The author of the essay, “Why Plagiarism Is Not Necessarily Deceitful or Deserving of Censure”, Jennifer Mott-Smith discusses the topic of plagiarism, especially in cases of student writing and the academia. To some, the issue of plagiarism might seem black and white, an undue consideration, but the author of this work wants to bring the audience’s attention to some of the practice’s intricacies. Firstly, she argues, that the process of copying another person’s ideas or works in the literary sphere is complicated to define. Ideas are at their core – intangible, making the boundary between someone else’s thoughts and your own blur (Mott-Smith). Furthermore, identifying legitimate cases of copyright infringement or theft is difficult, as a number of phrases or word combinations are commonly used by all kinds of people.
The standards of detecting or evaluating cases of plagiarism also vary both by profession and level of the author’s writing skill, which further makes the matter complicated. The author also says that many consider plagiarism to be an offence worth punishment, either in a person’s academic field, or in the legal sphere. This response, however, may not be as effective or beneficial as expected. Many young writers and students use plagiarism as a way to find their own style, and assimilate into the field they occupy (Mott-Smith). This process does not ultimately harm the creators of a particular idea, and does not leave a monetary impact. The author appeals to both reason and emotion, discussing the implications and impact of genuine plagiarism, discussing it from an angle not many would attempt to take. He audience of this piece seems to be internet users in general, and writers in particular, as they are the demographic that feels most strongly about plagiarism.
As a response to the claims made by the author, I want to discuss the issue of plagiarism from an opposing standpoint. One of the major claims made by Mott-Smith is that citations and referencing are difficult to get right across the field, making cases of plagiarism out of genuine attempts at creating a written work. I feel that, if a person decides to reference something in their work, it will be evident even if they did not do that correctly. Citation standards include practices like putting the name of the work or its author somewhere in your own work, and that action in and of itself can be considered an attempt at a citation, making a claim of plagiarism less possible. Furthermore, the author states that cases of plagiarism in student work are largely harmless, as they do not bring monetary loss to the original authors. While this notion is not incorrect, I think the main hard of plagiarism in academia is that the person responsible for it may not bring their own tangible contribution to the field, instead using the work of others to advance. Similarly, students that copy other people’s work are unable to truly demonstrate the skills acquired with education, or their level of mastery in a particular subject. Plagiarism as an issue harms the integrity of the academic field, disincentivizes learning in students and negatively affects the general pool of knowledge held by humans.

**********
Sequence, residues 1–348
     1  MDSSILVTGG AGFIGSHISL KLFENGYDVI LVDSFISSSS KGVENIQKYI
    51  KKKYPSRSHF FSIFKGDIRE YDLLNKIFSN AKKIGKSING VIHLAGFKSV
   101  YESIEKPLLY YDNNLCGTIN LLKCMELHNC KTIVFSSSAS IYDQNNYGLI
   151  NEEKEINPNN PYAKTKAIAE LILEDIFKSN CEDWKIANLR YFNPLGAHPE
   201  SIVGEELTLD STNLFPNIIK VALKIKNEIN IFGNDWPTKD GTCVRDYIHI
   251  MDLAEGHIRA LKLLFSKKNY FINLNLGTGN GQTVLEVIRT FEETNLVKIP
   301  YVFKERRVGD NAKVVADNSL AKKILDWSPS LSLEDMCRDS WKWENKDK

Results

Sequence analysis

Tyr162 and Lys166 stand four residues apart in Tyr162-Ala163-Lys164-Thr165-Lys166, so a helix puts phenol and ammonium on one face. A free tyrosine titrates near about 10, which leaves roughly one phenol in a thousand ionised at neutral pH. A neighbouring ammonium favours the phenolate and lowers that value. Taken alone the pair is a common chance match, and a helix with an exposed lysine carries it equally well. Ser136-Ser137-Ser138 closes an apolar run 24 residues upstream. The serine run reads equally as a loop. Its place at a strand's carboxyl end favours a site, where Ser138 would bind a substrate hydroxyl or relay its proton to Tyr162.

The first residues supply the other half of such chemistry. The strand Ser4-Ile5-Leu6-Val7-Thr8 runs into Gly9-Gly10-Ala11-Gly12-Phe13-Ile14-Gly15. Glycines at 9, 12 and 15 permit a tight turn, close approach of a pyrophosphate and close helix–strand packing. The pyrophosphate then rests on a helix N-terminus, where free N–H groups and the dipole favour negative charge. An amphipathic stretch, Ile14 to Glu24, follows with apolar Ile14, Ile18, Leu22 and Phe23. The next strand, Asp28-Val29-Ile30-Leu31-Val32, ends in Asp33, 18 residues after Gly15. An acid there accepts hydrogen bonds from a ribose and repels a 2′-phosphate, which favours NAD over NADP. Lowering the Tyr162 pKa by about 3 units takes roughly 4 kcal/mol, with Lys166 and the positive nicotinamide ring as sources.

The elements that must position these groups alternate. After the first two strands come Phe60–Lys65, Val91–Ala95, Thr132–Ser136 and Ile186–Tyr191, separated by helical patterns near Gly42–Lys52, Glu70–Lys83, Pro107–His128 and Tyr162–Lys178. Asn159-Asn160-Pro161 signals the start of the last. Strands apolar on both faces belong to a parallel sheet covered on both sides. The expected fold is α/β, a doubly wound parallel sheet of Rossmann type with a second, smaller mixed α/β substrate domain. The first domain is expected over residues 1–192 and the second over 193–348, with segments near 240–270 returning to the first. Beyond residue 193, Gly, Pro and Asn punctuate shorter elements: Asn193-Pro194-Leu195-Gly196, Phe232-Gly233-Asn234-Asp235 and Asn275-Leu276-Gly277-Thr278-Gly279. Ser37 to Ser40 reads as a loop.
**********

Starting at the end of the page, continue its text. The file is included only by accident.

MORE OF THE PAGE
Mott-Smith, Jennifer A. “Inside Higher Ed.” Why Plagiarism Is Not Necessarily Deceitful or Deserving of Censure (essay). 2017. Web.